Oboe Reed Structure: The Relationship Of The Parts

  • by Kathy Sheinhouse

    There is no hard and fast rule about much of anything related to oboe reed making, unless you are a beginner just learning the basics. Cookie cutter approaches and strict templates don't cut it because there are too many variables in cane strength, density, gouge and shape. The truth is that every dimension, material and scrape is part of a dynamic relationship within the parts of the reed. I once asked a prominent oboe player and reed maker to share her oboe reed dimensions.  She refused to do so, as did her elite teacher. To them every action has a reaction, nothing is assured, and the balance of the parts are the important ways to ensure a finished professional oboe reed result.   Here are three examples of relationships to think about:

    1) If managing aperture is an issue, lengthen the blank to close the aperture, and shorten the blank to open it (typically we are talking about millimeter differences between 72 and 73 mm). Also consider cane diameter.  Larger cane diameters promote smaller apertures.  Smaller cane diameters promote larger apertures.

    2) If pitch is a problem, you might have to find a new shaper size. Narrower shapes bring up the pitch, and wider shapes lower it. It is generally safer to narrow the shape (but too much will make tone is bright, which is not my preference). A reed with a shape that is too wide may never give you enough room to execute the scrapes you need for the tone, response and pitch you want. It is really hard to raise the pitch of a reed, short of clipping it, overlapping it, or trimming the sides of the tip.  If low pitch is a chronic problem, also consider a shorter staple (eg. 46 mm).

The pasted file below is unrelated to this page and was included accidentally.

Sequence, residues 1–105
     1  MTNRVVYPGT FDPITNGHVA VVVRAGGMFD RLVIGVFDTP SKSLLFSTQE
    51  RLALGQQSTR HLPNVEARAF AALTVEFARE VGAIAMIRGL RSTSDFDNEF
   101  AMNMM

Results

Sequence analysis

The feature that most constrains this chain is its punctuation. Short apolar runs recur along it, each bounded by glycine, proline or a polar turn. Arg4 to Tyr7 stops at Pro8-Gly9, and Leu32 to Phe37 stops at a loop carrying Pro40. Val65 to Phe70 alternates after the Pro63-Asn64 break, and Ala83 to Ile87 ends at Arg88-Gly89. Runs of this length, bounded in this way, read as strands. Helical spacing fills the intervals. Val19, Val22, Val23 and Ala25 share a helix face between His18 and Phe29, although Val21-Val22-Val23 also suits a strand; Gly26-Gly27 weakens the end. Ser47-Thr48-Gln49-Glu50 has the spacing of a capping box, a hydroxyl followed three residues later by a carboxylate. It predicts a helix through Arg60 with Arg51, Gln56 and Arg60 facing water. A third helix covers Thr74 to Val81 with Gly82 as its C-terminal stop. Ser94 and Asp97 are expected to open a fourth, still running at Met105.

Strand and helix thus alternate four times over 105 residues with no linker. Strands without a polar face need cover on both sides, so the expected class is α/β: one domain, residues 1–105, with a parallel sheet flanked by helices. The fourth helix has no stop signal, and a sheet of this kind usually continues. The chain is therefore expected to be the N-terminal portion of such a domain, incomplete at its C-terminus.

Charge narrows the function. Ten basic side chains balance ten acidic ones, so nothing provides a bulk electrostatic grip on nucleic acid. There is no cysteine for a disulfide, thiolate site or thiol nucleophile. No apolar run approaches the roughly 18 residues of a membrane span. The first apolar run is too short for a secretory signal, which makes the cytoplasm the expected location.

3) If response is an issue and you thin the tip, shoulders or rails, the pitch is likely to drop, and you may need to clip the tip to raise it.  If the tip is already short, you will have to find a different solution.

    As you make more and more reeds, you will have the advantage of finely tune muscle memory.  There will be more consistency in your output.  You will get to know where you make your mistakes, and correct them, or adjust for them.  If you have a consistent source of high quality oboe cane, it will maker success more achievable.

    Talk to your teacher about how each of the variables in the oboe reed construction and scrape influence each other, and how little changes can effect the system.  The oboe reed is a complex system of relationships. A flexible approach to reed making can be the ticket to best results.

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